It is rule 4 of the new Disclosure Rules, derived from obligations in the European Union's Transparency Directive, which sets out the requirement for interim management statements (popularly known as quarterly reports) and the reduction in the time allowed for publishing full year and half year results. Note that this applies only to companies on the Full List.
These requirements will first apply to financial years starting on or after 20 January 2007, so for companies with a 31 March year end, these new rules will be relevant to the financial year starting 1 April 2007. (For financial years starting before 20 January 2007, the old rules continue to apply.)
The new regime means that a company on the Full List must publish:
The requirement for an interim management statement (IMS) is entirely new but the FSA emphasizes that it is not a quarterly report. Companies traded in New York will be used to producing quarterly figures and commentary under SEC rules but the requirement here is for no more than:
Note that if the company is under a separate obligation to produce a quarterly financial report under overseas rules (or even if it does it on its own initiative), it will not also have to produce an IMS.
Perhaps the more difficult aspect is the timing of the IMS. It does not relate to a specific three month period in the way that the half year report relates to the first six months of the financial year. Instead, the requirement is to produce the IMS at any time during a window which opens ten weeks after the beginning of the relevant six month period and closes six weeks before its end.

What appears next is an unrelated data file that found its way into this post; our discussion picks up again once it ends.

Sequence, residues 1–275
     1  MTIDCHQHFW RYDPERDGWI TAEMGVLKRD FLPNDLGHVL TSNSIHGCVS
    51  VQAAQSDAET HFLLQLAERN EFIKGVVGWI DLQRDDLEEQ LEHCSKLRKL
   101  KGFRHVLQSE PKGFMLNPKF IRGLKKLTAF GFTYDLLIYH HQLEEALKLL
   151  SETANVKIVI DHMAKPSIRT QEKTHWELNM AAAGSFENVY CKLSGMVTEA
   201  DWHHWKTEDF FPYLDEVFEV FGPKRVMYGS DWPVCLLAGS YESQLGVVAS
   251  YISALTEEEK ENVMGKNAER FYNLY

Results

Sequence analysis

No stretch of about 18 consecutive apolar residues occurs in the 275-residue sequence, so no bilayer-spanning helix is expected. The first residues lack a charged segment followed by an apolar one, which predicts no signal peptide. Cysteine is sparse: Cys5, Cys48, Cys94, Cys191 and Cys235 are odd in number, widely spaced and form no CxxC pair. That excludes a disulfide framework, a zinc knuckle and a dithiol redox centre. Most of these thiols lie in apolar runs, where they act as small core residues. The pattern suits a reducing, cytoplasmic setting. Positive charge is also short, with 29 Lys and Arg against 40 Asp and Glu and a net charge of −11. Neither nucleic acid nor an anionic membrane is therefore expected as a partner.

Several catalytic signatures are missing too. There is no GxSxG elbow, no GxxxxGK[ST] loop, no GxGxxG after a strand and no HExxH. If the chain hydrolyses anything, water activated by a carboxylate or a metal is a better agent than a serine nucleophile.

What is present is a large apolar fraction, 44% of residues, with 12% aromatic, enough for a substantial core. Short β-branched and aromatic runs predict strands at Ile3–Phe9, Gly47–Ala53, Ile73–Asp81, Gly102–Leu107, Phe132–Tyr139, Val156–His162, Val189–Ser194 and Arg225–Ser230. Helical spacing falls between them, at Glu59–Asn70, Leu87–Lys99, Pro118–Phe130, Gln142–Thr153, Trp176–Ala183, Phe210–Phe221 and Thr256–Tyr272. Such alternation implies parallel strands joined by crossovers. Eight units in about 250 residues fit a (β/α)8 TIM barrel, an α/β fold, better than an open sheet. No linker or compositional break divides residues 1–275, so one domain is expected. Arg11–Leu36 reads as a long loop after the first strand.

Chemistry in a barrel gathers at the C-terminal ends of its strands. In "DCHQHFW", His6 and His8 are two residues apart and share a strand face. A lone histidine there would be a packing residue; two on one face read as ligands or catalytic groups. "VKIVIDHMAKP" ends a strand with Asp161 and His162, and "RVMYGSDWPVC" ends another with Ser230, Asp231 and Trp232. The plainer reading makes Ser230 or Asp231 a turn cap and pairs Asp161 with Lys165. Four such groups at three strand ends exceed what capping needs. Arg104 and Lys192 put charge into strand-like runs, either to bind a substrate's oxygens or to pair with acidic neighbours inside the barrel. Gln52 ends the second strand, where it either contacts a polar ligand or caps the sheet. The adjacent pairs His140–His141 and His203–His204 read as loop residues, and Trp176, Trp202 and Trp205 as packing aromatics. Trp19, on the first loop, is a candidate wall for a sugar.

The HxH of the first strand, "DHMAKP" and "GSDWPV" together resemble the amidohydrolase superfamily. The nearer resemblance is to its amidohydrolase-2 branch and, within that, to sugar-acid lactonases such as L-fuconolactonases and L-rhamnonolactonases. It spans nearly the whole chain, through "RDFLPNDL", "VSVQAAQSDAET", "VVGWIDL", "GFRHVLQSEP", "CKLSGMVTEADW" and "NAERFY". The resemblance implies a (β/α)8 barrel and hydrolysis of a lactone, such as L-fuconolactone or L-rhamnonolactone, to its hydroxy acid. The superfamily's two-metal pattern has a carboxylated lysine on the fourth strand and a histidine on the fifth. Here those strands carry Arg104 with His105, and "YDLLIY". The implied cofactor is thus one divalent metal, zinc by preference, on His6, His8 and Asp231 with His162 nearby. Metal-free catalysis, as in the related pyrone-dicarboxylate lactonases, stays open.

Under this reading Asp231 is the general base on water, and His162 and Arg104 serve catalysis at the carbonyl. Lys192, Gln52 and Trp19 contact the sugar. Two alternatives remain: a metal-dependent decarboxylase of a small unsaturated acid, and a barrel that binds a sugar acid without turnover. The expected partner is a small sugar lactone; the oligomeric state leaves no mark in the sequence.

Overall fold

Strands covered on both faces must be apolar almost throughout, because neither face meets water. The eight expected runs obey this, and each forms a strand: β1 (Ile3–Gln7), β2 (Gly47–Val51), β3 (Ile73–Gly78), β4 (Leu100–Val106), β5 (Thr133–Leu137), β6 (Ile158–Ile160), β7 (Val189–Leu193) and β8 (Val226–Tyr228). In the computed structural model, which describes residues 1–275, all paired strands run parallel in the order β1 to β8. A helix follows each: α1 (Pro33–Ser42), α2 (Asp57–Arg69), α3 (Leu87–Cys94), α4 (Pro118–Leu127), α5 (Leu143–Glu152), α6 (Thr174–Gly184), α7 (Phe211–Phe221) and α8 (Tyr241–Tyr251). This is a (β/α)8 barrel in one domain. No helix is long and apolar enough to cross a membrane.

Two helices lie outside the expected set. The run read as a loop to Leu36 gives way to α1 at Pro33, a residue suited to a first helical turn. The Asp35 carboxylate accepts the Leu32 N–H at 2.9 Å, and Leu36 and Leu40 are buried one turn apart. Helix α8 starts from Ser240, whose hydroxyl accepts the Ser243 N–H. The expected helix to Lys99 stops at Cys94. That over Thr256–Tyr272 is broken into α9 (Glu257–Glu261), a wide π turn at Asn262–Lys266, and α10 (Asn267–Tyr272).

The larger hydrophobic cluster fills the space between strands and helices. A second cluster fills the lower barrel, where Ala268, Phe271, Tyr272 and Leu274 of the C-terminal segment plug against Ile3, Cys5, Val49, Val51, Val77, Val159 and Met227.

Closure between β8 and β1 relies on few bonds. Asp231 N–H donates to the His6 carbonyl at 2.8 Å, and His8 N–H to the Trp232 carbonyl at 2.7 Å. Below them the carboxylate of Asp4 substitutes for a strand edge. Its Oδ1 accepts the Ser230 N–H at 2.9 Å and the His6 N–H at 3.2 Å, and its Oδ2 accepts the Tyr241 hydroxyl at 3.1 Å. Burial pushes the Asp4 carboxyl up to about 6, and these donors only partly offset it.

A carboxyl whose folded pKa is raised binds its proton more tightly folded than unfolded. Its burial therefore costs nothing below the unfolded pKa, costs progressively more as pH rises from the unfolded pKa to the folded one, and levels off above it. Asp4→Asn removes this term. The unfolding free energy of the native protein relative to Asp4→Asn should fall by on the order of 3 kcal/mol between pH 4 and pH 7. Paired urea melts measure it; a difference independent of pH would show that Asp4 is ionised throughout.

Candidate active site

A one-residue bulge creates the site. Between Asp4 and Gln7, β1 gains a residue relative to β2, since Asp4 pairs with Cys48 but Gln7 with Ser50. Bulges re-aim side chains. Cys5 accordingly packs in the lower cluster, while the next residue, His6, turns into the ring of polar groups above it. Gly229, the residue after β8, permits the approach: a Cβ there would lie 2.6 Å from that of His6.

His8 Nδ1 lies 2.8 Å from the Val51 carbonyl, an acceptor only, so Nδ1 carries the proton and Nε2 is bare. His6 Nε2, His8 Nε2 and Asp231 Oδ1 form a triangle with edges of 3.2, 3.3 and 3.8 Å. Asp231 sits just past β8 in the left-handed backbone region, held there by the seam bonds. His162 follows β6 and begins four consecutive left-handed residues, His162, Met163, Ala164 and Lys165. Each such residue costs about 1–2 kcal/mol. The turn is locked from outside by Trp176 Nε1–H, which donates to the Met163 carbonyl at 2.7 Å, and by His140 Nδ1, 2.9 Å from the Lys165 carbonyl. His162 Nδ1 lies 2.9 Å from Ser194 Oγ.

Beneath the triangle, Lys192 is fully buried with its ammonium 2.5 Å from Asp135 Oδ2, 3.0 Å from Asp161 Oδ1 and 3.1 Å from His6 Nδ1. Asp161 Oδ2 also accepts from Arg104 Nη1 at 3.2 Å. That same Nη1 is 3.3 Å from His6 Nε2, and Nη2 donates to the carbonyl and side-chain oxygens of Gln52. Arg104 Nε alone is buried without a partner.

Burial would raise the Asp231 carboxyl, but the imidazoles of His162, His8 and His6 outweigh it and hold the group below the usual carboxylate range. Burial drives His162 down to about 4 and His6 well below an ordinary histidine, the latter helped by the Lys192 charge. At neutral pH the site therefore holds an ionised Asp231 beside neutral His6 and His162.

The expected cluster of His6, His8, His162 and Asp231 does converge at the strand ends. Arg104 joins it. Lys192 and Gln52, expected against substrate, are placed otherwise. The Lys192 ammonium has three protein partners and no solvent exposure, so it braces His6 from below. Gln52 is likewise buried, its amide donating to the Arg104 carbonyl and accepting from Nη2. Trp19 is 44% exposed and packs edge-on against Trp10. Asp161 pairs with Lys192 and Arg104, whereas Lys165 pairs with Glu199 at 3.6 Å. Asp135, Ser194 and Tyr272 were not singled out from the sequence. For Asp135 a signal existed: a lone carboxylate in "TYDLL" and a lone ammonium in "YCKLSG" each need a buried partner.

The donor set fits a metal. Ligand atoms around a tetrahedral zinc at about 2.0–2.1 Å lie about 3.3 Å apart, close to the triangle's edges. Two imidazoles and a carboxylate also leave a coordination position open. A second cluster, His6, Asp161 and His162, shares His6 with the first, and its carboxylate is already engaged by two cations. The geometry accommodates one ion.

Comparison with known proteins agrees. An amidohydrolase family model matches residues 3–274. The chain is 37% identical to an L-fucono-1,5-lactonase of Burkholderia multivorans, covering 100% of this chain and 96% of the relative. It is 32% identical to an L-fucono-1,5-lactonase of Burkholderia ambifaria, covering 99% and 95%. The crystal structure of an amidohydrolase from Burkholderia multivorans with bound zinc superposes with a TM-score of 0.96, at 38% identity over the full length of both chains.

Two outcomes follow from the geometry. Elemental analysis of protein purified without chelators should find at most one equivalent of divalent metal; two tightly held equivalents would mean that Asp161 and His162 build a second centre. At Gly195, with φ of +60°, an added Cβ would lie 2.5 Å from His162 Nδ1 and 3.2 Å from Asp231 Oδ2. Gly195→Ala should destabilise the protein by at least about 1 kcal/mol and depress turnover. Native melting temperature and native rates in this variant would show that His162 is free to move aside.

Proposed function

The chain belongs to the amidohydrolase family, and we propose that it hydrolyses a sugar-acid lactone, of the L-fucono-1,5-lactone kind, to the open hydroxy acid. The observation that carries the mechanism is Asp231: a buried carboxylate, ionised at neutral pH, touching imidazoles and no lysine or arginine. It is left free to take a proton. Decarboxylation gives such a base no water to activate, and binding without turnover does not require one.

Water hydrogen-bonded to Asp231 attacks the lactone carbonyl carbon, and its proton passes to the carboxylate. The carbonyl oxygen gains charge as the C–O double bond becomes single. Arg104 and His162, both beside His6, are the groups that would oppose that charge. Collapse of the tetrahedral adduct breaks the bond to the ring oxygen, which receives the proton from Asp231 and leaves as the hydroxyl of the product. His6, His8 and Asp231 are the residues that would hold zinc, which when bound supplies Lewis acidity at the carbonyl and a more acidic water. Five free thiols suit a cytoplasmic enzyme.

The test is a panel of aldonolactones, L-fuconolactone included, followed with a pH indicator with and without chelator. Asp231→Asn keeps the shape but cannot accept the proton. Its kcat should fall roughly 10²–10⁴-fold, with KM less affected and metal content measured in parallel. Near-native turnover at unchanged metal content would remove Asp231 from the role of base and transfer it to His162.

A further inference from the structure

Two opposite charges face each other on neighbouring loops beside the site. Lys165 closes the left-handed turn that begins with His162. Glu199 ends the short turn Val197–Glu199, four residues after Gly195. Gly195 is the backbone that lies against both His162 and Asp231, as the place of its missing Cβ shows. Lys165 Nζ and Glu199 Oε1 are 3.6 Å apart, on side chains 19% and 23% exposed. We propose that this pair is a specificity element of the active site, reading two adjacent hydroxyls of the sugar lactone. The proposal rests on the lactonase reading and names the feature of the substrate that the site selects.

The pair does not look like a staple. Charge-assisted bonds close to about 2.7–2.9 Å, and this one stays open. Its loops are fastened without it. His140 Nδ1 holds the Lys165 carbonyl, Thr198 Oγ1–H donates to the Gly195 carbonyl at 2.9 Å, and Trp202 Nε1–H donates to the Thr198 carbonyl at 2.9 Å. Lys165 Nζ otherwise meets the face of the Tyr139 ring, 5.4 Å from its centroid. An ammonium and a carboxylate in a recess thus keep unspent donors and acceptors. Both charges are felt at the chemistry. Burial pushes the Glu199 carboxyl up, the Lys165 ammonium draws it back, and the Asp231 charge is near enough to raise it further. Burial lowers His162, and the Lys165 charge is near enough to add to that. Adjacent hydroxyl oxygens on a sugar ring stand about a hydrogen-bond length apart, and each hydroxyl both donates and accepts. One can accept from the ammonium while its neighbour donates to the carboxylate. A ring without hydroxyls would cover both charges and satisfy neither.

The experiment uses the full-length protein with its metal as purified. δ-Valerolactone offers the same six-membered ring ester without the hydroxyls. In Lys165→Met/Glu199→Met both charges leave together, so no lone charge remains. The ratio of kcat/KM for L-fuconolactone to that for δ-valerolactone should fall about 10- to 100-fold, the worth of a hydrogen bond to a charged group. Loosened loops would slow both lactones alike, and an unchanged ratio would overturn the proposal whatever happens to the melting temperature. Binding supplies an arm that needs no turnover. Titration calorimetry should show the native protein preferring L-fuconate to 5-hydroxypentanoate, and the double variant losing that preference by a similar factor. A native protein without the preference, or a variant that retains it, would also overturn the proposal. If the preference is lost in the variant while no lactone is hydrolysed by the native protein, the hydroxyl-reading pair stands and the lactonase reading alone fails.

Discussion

To give a concrete example, for a financial year beginning 1 April 2007 the first IMS will be due in the ten week period between 10 June and 19 August 2007; and the second IMS will be due in the ten weeks between 10 December 2007 and 18 February 2008. Because the statement does not relate to a specific three month period, the explanation and description will relate to the period between the beginning of the relevant six month period and the date of publication.
The existing obligation to make a preliminary announcement of full year results within 120 days of the year end disappears because it is likely to coincide with the date for the following year's first IMS. But companies can continue to make a preliminary announcement if they wish.
The FSA have promised guidance on what is not required in an IMS and we will add to this note in a future Update when that guidance is published.
In the meantime, note that it is likely there will be additional close periods of four weeks before an IMS is published, prohibiting those covered by the Model Code from dealing in their company's shares. This will need further consideration by companies planning the timetable for their share plan grants and also in the context of maturities of existing awards. Go back
The same delay reported above in relation to the FSA's final Disclosure Rules and promised guidance applies also to the new regime for reporting major interests in a company's shares. Scheduled to become effective on 20 January 2007, there is one provision which applies before then to all companies with shares traded on the Full List, AIM and PLUS Markets (the old Ofex).